With GlaxoSmithKline, Navy Yard approaches 10,000 jobs

The Navy Yard is once again a bustling jobs hub.

With the opening of the new GlaxoSmithKline headquarters next month, the Navy Yard will be celebrating a major milestone that was 20 years in the making: the 10,000th job at the Navy facility. The number is significant not just because it’s so large — this is the number of jobs lost when the Navy decided to close the once bustling military and ship building facility in the late 1990s.

Mayor Michael Nutter has hailed the Navy Yard as the most successful base closing transformation in the United States. This transformation of the abandoned base into the Emerald City is thanks to the Philadelphia Industrial Development Corporation and property manager Liberty Property Trust, whose executives believe the number of jobs at the Navy Yard could double, or even triple, in the next decade.

While the Navy campus has attracted established local companies such as Urban Outfitters, it’s also become a hub for newcomers. “Sixty-eight percent of the companies that have chosen to settle at the Navy Yard are new to Philadelphia,” notes Mark McDonald, the mayor’s press secretary, noted.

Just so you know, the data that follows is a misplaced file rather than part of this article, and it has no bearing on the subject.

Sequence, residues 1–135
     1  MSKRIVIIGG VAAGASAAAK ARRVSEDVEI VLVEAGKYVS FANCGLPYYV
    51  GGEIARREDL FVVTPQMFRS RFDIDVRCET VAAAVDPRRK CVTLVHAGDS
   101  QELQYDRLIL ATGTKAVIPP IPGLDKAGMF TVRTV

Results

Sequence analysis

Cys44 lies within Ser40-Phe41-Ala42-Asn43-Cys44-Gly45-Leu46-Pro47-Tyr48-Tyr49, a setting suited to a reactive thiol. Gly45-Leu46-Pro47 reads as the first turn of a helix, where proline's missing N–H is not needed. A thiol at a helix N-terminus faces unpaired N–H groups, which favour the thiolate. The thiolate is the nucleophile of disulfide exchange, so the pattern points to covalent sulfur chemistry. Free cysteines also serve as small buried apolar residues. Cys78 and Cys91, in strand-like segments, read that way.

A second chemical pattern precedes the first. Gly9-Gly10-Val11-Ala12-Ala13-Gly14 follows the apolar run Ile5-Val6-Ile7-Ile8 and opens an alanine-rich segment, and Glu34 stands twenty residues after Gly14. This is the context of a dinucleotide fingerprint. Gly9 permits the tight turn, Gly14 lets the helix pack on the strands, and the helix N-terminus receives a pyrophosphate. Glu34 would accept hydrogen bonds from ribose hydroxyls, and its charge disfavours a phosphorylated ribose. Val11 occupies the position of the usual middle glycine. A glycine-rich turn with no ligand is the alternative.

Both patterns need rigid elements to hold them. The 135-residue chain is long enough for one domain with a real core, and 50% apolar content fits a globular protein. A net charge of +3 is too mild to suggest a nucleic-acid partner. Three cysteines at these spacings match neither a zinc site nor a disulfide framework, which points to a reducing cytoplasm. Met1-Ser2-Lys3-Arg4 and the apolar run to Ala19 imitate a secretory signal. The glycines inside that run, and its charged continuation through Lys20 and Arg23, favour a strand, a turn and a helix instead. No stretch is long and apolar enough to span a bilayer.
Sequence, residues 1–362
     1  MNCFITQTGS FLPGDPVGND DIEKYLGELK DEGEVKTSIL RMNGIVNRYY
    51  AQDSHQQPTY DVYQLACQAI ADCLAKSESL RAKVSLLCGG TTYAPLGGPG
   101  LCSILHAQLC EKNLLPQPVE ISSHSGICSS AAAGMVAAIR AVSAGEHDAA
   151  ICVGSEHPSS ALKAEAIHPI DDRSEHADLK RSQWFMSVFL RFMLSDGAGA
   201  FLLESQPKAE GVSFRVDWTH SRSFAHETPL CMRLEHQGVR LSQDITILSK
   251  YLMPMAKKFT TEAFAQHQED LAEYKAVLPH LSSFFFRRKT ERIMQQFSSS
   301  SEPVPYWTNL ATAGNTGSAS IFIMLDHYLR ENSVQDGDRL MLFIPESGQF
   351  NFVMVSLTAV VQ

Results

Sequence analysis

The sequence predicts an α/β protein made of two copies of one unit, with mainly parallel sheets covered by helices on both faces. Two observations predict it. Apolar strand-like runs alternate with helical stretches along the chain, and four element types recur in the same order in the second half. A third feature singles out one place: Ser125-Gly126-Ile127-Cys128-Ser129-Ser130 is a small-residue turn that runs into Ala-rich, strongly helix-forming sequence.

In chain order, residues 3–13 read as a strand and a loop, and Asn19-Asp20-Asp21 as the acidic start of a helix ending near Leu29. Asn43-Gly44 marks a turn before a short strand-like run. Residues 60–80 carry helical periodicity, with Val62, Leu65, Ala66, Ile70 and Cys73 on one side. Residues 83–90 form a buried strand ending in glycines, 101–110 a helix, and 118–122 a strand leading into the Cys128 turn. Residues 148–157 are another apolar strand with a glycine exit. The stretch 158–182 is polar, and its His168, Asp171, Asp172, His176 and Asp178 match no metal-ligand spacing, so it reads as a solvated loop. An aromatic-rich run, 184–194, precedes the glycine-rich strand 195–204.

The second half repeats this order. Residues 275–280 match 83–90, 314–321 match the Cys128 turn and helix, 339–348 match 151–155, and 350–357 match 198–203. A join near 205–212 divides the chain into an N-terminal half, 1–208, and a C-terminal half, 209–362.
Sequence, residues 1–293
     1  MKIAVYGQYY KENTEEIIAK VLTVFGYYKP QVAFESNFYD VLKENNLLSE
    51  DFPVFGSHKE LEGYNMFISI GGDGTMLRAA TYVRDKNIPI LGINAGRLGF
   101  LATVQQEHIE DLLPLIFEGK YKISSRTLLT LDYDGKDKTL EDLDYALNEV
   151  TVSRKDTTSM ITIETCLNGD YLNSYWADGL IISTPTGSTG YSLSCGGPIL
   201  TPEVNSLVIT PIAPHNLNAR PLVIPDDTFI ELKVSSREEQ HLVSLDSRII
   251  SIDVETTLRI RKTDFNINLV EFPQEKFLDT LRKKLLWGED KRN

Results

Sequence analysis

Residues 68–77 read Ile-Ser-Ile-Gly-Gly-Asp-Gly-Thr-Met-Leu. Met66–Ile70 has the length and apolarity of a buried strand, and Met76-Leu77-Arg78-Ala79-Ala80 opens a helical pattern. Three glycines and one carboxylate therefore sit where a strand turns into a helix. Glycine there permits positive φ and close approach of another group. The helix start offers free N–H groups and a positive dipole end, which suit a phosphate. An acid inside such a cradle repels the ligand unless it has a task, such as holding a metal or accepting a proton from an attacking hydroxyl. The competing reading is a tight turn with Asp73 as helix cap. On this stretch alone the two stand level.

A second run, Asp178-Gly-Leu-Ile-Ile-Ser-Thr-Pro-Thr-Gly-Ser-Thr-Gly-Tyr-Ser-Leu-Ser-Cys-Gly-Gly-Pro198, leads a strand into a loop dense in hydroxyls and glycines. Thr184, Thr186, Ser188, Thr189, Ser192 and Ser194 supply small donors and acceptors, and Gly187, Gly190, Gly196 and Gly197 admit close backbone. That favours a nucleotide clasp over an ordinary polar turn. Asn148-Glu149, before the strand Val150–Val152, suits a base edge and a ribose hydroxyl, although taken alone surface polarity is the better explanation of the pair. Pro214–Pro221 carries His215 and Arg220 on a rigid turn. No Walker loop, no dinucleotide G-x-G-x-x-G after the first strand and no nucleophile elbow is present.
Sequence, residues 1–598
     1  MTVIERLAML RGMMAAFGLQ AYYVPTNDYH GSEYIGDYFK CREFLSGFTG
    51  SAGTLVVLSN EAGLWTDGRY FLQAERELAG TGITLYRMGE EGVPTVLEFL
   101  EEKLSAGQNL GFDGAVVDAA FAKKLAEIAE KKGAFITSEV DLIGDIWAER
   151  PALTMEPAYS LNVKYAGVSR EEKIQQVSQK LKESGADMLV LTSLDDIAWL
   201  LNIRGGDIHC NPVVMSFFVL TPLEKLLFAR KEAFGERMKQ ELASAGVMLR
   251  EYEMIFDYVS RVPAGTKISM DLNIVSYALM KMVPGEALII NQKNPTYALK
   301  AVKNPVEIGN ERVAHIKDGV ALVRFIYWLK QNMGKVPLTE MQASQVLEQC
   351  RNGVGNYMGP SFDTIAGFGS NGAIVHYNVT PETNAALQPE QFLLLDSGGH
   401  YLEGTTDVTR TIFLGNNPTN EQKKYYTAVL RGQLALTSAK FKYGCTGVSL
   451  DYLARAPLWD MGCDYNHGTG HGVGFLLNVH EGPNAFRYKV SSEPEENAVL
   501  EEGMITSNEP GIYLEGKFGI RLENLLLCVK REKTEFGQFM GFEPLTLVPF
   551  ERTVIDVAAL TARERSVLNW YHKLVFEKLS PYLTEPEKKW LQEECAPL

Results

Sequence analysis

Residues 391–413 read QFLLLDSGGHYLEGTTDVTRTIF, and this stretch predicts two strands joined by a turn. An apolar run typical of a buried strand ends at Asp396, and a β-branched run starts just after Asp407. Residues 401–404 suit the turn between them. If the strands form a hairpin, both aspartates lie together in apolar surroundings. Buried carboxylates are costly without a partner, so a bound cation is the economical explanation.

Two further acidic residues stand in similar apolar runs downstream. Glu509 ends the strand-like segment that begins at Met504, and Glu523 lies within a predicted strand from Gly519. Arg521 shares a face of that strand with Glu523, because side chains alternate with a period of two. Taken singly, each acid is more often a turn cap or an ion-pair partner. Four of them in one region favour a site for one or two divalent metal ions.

One of these new companies is the UK-based Mark Group, an energy retrofitter that typically installs energy-saving measures in 75 homes a week.

“We chose Philadelphia as the headquarters for the company’s U.S. subsidiary because the greater Philadelphia area is the nation’s hub of energy efficiency research and development,” said Mark Group CEO Jeff Bartos. “The Navy Yard provided an unparalleled opportunity for Mark Group to collaborate with other clean tech companies and accelerate the growth of our energy efficiency businesses.”

One partner he may consider is The Navy Yard’s Energy Efficiency Buildings Hub, which was created with a $129 million Department of Energy grant. The goal of the EEB Hub — whose 22 partners include IBM Research, Carnegie Mellon, MIT and Penn State Universities — is to reduce energy consumption in U.S. commercial buildings by 20 percent by the year 2020. They plan to achieve their goal by creating and deploying economically viable technologies that significantly reduce energy emissions.



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